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How Authenticity at Work Makes You A Stronger Job Candidate

Authenticity is more than a buzzword. It can actually help you find a job. Here’s how authenticity at work can make you a stronger job candidate.


Authenticity has become a buzzword over the last few months. You may have heard people talking about authenticity at work or seen lists like “three ways to be an authentic leader.” When the business world starts talking about something, it’s smart for job seekers to take notice.

Now, you may be wondering how a call to be authentic fits in with what you know about professional norms. How do you balance authenticity and professionalism, especially during a job search? Great question. Let’s take a closer look at these two ideas to find the answer.

What Professionalism Is, and Isn’t

Employers don’t hire interchangeable “professionals” they hire individuals. Whether you’re looking for a new job, or hoping to hire your next great teammate, there should be no contradiction between authenticity and professionalism. Both of these characteristics can and should co-exit.

Professional norms are supposed to help get the job done. When we talk about what makes someone a professional, we should be talking about things like timeliness, courtesy, and ethical behavior. This can and should include things like following established processes and a shared model for setting priorities.

The problem is that we often use the wrong signals to gauge or show professionalism. As a result, we rely on subconscious biases rather than real indicators.

Professionalism is not:

  • How you wear your hair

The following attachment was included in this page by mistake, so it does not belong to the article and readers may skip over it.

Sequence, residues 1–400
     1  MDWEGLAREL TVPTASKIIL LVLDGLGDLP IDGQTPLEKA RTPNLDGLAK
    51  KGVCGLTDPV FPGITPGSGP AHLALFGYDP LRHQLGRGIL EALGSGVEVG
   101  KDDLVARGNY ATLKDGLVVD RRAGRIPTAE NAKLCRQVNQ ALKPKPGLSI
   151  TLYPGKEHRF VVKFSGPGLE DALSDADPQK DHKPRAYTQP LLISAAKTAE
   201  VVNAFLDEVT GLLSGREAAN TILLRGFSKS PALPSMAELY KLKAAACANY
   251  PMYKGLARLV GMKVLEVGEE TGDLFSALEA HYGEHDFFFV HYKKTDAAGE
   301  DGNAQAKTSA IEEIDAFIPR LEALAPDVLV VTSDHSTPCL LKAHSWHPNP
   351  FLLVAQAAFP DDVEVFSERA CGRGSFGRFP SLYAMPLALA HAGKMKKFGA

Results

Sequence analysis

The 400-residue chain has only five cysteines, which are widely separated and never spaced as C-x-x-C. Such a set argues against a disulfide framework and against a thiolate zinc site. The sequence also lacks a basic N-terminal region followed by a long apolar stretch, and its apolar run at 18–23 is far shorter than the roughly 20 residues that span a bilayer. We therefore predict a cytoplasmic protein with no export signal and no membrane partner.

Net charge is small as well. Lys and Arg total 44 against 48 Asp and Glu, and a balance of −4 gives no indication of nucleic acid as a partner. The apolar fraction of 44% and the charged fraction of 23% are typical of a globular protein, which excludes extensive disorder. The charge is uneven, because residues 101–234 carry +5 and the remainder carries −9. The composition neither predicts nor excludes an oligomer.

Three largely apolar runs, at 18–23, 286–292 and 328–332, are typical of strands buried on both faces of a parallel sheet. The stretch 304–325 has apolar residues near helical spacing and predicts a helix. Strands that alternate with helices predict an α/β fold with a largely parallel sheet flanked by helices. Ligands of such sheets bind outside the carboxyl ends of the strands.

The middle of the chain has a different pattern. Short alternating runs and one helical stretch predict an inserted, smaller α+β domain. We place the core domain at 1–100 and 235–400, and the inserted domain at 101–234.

• Your name
  • Your age
  • Whether you wear makeup
  • Your accent or speech patterns
  • The type of car you drive
  • Hiding all emotions and opinions
  • Posture or physical ability
  • Having the latest technology or gadgets

These kinds of characteristics can point to someone’s level of wealth, cultural background, upbringing, or state of health. There’s an obvious problem with using any of these characteristics as gauges of professionalism—not only do they disadvantage certain groups of people, they have little or nothing to do with the job.

Professionalism is:

  • Communicating clearly
  • Managing your emotions
  • Showing that you care about your work by holding yourself to high standards
  • Working with people even if you don’t get along personally
  • Accepting and even welcoming feedback
  • Being on time and meeting deadlines
  • Treating coworkers with respect

Whoever you are, you can do all of these things while remaining authentic to your personality and values. To simplify: professionalism is what you do, authenticity is who you are.

What We Mean by Authenticity at Work

Being authentic at work doesn’t mean sharing your deepest, darkest secrets or treating coworkers like your best friends. To be authentic just means to be true to your personality and values. So, if you’re naturally reserved, you don’t have to pretend to be gregarious and bubbly. If you value your family life, you shouldn’t have to pretend it doesn’t bother you to work late and miss your daughter’s hockey game.